Protecting your privacy when online

These days, internet businesses and organisations expect us to share more of our data online than ever before. From social media to simple searching and web browsing, all kinds of demands reach us when it comes to how we actually use the internet. Not only that, but when we access the internet, we are regularly coming into contact with hackers and malicious code.

There is also the fact that some social networks have been less than careful with our data in the past.  Facebook, for example, came under fire in recent times for data breaches affecting more than a quarter of a million people.

Therefore, staying private online has never been more important. However, that seems to be getting harder and harder to do. Despite the fact that more websites and social networks demand our data, there are a few things you can do to take control of the information and to effectively manage your privacy online.

Look for HTTPS

HTTPS is the secure protocol that all good websites should stand by. The ‘S’ at the end of HTTP indicates that it is running on a secure platform, which means that the site and therefore your data, are protected from hacking. There are still plenty of sites out there which use basic HTTP, but it’s not worth the risk of filling out any forms or sharing any data with them.

Read site terms and certificates

A good way to stay as private as possible online is, of course, to ensure you read terms and conditions. For example, if you visit an online casino, once you’ve had a good look around at the games and have figured out how bonus wagering works, it’s a good idea to read up on any available privacy policies. They should be clear for you to view.

By clicking on the left-hand side of your browser’s address bar, you’ll be able to see whether or not a site’s security certificate is up to date. This, much like HTTPS, indicates that a site and any data passed through it are as secure as possible.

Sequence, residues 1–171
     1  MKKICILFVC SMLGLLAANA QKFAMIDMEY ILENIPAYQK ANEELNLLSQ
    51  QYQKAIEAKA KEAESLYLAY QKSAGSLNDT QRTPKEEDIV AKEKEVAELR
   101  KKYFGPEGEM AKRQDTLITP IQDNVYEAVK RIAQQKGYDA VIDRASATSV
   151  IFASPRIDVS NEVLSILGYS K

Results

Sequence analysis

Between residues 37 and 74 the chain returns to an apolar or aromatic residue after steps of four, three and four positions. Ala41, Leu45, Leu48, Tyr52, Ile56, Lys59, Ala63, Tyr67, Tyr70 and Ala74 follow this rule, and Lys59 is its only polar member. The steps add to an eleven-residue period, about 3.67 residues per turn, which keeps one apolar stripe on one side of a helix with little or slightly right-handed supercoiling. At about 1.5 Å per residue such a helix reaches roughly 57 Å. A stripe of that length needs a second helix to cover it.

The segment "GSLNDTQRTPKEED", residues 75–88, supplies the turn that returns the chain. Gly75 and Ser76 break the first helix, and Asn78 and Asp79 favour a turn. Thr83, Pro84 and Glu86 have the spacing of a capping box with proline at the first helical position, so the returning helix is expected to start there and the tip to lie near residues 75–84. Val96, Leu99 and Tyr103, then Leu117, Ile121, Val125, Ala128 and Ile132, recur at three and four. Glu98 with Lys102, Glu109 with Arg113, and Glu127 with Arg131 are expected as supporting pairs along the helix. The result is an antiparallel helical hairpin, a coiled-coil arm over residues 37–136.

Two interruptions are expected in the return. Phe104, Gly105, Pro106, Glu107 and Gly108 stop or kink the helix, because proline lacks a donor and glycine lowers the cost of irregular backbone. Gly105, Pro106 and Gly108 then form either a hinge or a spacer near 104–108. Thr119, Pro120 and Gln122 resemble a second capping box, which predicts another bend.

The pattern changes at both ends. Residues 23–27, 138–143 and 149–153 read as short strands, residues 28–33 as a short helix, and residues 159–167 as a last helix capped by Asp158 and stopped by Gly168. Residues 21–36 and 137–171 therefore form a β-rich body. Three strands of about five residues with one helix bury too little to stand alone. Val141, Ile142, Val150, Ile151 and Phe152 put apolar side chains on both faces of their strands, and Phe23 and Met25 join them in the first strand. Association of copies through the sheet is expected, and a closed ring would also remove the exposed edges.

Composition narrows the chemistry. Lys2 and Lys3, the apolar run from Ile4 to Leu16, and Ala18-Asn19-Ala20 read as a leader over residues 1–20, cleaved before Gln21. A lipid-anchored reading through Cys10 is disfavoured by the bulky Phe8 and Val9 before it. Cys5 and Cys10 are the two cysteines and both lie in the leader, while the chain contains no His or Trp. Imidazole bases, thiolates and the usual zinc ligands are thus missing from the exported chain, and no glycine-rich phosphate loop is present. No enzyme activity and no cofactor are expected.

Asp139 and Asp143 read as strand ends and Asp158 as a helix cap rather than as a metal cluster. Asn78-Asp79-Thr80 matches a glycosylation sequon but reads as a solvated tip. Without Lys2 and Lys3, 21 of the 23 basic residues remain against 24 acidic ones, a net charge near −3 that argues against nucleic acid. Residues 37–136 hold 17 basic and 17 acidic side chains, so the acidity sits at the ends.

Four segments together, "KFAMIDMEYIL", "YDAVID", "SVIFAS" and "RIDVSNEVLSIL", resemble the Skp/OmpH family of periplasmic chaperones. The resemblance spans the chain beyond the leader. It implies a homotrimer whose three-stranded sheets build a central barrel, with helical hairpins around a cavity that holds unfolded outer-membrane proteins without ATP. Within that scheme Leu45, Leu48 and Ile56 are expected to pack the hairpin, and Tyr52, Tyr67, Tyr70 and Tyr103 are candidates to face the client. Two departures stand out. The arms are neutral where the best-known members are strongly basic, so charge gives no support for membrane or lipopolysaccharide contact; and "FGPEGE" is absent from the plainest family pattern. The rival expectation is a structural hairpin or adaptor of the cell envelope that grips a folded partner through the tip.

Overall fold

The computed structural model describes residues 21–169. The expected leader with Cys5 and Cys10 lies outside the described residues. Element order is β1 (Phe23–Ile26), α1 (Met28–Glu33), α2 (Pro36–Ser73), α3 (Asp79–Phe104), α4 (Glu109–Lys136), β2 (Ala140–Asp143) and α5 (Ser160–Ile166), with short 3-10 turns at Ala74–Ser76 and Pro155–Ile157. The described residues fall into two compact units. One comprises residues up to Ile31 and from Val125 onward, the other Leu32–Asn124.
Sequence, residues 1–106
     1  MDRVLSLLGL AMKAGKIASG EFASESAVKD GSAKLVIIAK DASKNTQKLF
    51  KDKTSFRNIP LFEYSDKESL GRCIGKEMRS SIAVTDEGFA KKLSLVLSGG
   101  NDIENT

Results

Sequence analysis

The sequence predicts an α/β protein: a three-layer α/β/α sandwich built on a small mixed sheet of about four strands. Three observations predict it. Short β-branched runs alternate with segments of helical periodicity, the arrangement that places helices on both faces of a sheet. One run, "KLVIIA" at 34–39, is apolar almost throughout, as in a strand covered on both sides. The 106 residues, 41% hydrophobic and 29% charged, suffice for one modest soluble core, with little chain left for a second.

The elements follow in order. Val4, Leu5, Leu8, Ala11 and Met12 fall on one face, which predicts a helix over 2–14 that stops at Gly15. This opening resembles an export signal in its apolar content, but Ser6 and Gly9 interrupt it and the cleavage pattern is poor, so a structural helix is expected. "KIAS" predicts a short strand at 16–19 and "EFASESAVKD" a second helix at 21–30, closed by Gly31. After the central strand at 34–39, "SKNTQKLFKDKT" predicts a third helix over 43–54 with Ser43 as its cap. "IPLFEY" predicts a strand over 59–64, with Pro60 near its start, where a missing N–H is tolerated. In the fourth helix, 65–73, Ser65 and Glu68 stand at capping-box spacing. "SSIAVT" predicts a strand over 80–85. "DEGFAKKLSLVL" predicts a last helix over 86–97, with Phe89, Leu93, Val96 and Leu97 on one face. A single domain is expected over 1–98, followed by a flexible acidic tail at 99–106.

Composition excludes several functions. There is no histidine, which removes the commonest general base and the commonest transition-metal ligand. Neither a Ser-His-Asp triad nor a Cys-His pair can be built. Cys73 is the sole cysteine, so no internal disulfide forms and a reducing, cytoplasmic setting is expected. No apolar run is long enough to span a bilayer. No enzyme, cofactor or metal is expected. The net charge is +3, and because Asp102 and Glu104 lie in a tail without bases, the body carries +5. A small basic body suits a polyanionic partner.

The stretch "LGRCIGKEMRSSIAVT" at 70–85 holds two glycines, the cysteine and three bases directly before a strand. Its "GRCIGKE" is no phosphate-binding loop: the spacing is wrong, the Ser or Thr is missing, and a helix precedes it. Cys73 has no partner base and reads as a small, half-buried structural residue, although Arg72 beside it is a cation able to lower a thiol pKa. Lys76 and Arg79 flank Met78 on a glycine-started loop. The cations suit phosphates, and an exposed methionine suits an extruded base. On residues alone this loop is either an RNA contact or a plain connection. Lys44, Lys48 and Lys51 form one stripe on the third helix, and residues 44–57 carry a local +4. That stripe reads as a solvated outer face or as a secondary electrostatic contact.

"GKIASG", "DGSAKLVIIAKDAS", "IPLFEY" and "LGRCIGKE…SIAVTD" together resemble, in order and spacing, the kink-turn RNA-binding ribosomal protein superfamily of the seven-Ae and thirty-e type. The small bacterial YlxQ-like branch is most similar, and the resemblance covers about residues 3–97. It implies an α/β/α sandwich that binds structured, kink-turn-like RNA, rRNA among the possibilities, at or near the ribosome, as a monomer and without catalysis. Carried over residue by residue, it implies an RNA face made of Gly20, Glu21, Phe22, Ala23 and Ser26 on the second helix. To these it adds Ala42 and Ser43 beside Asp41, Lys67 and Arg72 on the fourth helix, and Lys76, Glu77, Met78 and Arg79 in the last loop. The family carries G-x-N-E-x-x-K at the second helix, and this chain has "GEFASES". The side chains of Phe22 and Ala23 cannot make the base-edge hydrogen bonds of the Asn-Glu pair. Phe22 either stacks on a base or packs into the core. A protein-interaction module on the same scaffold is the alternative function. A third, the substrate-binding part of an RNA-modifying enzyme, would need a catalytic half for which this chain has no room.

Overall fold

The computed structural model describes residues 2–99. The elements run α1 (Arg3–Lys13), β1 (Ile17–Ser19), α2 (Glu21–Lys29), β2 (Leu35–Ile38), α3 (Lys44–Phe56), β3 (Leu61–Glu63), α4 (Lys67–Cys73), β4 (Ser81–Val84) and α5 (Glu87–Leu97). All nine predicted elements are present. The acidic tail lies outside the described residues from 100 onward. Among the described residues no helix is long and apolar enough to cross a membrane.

Don’t accept cookies unless you need to

Cookies have been the bane of internet browsing for over 20 years. Ultimately, a cookie is going to ensure that your future visit to a website istailored to your personal needs and demands. It’ll help a site to remember how you use it and what you expect from it in general.

However, thanks to sweeping new rules in terms of cookies and GDPR, it’s now up to you whether or not a site sets you cookies or not. You can reject these as soon as you visit a website. All sites should now give you a splash screen or message which asks you whether or not you want to accept cookies and to continue browsing.

If you value your privacy over your site experience, make sure you decline cookies. This is important – think carefully about whether or not the data you provide is worth the experience you get!

Keep data input low

With the internet now being such an integral part of our lives, it’s perhaps second nature for many of us to start sharing information that might otherwise be super-sensitive. For example, be very careful about sharing any data which could help hackers or other web users to unlock your security credentials. Don’t ever give away your date of birth and, of course, you should keep your address and full name private if you can.

Avoid social media quizzes

One of the biggest ways to lose data online is through social media. Did you know, however, that those fun little quizzes you can play are often fronts for data harvesting? Once you agree to sign up for certain apps and games on Facebook, for example, you could be giving a lot of data away.

Therefore, while it may seem fun to find out who your perfect celebrity match is, it’s really not worth losing your data.

Go private on social media

Of course, you should also be careful to go private on social media. You can set Facebook, Twitter and Instagram accounts to private mode, meaning that you won’t have to worry about anyone other than verified friends accessing your accounts.

You’ll soon find on services such as Instagram that bots and spammers tag and follow you in an attempt to steal data and personal details. Therefore, be data smart – and keep everything locked down.

Staying safe and private online isn’t difficult! In some cases, you might need to cut back on a few social media standards, but it is all worth it in the long run.